I think you are bringing "parents" into this unnecessarily. If there were Gryffindor noble chambers, I doubt anyone would deny one to Harry on the grounds that he was an orphan. Conversely, if a hypothetical Malfoy of lesser parentage (a cousin X removed, perhaps) were to enter Hogwarts, I doubt they would be denied noble chambers because their parents were low down within the Malfoy hierarchy. For as long as they bore the Malfoy name, any discourtesy to them would be considered an insult to the House of Malfoy. It's not about inheriting parents' status, it's about membership of a noble house. Membership of a noble house confers the right to noble chambers where they exist. It confers a bunch of legal rights, as we saw with the Wizengamot, which again are not restricted to adults. It apparently also confers the right to speak on behalf of the house. Most children do not do so, probably because they have no reason to, and are aware that they will get into terrible trouble if they end up saying anything that embarrasses their house. On the other hand, someone like Draco, who has been groomed for this sort of thing extensively, never for a moment hints that his words don't carry the full authority of his house (and is ever mindful of what his father will think of his words and actions as a result).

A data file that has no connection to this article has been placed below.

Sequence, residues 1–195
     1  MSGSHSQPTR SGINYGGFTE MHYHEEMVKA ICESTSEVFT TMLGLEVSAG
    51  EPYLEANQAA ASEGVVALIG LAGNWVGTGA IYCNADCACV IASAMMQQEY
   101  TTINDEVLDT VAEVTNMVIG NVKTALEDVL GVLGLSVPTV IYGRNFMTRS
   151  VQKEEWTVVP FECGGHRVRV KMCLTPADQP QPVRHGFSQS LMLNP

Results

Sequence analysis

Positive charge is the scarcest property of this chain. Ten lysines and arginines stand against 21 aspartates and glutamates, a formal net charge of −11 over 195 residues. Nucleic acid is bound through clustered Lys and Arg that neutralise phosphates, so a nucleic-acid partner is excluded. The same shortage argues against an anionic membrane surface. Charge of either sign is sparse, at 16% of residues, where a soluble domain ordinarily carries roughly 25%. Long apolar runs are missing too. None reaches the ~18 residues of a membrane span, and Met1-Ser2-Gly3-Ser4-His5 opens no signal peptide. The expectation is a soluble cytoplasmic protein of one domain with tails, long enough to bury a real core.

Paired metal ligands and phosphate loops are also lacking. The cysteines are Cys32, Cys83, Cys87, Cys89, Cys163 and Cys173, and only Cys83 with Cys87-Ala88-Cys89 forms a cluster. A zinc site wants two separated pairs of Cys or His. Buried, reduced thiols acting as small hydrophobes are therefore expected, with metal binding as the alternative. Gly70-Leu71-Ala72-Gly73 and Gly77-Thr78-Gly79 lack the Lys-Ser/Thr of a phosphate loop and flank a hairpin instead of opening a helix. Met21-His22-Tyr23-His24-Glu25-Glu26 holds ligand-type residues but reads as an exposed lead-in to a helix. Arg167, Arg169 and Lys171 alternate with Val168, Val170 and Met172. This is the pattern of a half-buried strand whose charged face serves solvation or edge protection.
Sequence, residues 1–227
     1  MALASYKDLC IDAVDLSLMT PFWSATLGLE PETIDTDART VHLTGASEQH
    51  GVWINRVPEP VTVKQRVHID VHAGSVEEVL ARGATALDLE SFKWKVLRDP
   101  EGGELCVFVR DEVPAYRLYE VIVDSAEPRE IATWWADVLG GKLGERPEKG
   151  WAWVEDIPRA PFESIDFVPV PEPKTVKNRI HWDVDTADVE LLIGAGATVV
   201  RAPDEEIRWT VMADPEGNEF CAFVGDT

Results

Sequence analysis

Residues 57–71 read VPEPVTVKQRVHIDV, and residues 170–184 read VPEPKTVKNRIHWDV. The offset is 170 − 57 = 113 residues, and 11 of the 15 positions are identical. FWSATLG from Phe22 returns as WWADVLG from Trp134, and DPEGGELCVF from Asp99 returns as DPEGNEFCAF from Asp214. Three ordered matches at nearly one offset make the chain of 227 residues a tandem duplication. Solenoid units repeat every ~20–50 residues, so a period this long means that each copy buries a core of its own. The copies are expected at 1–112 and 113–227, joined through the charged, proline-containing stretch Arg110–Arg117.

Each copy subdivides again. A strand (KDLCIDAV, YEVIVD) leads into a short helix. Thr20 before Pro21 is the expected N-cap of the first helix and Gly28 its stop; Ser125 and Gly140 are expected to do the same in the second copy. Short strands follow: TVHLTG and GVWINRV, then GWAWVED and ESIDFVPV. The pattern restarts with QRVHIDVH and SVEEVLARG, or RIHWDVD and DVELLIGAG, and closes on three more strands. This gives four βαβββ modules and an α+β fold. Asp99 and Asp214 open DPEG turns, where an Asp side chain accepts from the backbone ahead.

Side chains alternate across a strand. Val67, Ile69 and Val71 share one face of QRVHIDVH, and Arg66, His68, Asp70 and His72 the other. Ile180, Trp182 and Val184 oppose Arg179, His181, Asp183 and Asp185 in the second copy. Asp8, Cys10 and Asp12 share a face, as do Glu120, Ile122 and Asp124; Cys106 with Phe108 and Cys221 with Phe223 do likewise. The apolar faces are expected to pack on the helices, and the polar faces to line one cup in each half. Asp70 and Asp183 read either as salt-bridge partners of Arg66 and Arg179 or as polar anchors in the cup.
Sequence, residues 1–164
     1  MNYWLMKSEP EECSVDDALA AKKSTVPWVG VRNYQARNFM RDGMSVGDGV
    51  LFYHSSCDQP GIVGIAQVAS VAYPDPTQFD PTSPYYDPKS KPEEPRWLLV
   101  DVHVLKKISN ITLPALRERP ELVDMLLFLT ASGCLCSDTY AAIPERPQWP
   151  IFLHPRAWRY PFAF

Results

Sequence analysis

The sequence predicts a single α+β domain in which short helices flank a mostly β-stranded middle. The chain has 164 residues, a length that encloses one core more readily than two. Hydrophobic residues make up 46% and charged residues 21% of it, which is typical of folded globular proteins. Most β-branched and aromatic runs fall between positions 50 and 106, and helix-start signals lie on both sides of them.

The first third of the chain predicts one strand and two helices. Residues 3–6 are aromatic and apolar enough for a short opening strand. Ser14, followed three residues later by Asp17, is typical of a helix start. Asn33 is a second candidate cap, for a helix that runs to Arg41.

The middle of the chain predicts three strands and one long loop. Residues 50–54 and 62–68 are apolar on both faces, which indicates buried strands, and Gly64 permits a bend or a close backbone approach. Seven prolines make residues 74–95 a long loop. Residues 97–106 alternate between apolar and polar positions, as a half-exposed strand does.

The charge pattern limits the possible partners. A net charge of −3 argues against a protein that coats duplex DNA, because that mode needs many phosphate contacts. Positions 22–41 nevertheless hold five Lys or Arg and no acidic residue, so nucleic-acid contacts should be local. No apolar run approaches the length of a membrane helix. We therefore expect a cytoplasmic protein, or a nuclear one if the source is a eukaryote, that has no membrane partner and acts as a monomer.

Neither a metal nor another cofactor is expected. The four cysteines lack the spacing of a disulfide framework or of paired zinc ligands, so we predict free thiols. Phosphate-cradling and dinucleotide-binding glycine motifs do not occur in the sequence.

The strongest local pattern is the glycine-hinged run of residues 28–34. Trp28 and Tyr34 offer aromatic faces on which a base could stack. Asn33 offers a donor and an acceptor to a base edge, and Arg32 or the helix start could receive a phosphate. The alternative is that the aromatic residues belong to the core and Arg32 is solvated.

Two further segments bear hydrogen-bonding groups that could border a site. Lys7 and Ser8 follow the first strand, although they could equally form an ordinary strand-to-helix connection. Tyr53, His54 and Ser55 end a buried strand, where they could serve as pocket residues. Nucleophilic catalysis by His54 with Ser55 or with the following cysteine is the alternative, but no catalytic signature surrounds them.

He's still inheriting their status. The fact that they're dead is immaterial. Being a Malfoy is apparently higher status than being a commoner. One of these things is not like the others. Being a US citizen also confers a lot of rights. That doesn't mean you have the right to negotiate treaties on behalf of the US.
this also rubbed me hella wrong.
This also bothered me- no matter what reasoning I read here, I'll still regard this scene in the same light as the now removed scene where Harry Potter walks up to the Sorting Ceremony while the Weasley Twins play the freaking Ghost Busters theme.
I confess I liked the Ghostbusters scene. I guess the difference is that Gred and Forge goofing around (as part of their scheme to keep Harry Potter on the Light Side), and Dumbledore playing along (as part of his crazy old wizard act) makes sense to me. :) Nobody is trying to be taken seriously there. And it certainly makes more sense than what's left of the chapter now that the song was pruned out...